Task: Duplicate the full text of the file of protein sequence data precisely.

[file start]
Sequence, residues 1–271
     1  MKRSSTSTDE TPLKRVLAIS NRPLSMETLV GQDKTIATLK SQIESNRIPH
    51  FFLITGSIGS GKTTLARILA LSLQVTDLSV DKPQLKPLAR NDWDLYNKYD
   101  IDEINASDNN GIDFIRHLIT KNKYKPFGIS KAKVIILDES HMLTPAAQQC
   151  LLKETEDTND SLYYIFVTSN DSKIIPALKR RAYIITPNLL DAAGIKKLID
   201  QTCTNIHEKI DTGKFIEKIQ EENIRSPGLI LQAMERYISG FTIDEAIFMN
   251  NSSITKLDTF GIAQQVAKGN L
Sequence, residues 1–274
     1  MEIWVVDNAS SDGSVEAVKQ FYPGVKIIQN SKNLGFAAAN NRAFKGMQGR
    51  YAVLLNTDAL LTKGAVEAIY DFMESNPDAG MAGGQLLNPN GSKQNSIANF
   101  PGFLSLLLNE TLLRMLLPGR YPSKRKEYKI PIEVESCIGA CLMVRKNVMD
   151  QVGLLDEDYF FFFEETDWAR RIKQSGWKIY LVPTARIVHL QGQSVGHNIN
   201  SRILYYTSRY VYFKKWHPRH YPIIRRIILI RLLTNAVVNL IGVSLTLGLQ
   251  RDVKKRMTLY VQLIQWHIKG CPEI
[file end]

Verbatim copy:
Sequence, residues 1–271
     1  MKRSSTSTDE TPLKRVLAIS NRPLSMETLV GQDKTIATLK SQIESNRIPH
    51  FFLITGSIGS GKTTLARILA LSLQVTDLSV DKPQLKPLAR NDWDLYNKYD
   101  IDEINASDNN GIDFIRHLIT KNKYKPFGIS KAKVIILDES HMLTPAAQQC
   151  LLKETEDTND SLYYIFVTSN DSKIIPALKR RAYIITPNLL DAAGIKKLID
   201  QTCTNIHEKI DTGKFIEKIQ EENIRSPGLI LQAMERYISG FTIDEAIFMN
   251  NSSITKLDTF GIAQQVAKGN L
Sequence, residues 1–274
     1  MEIWVVDNAS SDGSVEAVKQ FYPGVKIIQN SKNLGFAAAN NRAFKGMQGR
    51  YAVLLNTDAL LTKGAVEAIY DFMESNPDAG MAGGQLLNPN GSKQNSIANF
   101  PGFLSLLLNE TLLRMLLPGR YPSKRKEYKI PIEVESCIGA CLMVRKNVMD
   151  QVGLLDEDYF FFFEETDWAR RIKQSGWKIY LVPTARIVHL QGQSVGHNIN
   201  SRILYYTSRY VYFKKWHPRH YPIIRRIILI RLLTNAVVNL IGVSLTLGLQ
   251  RDVKKRMTLY VQLIQWHIKG CPEI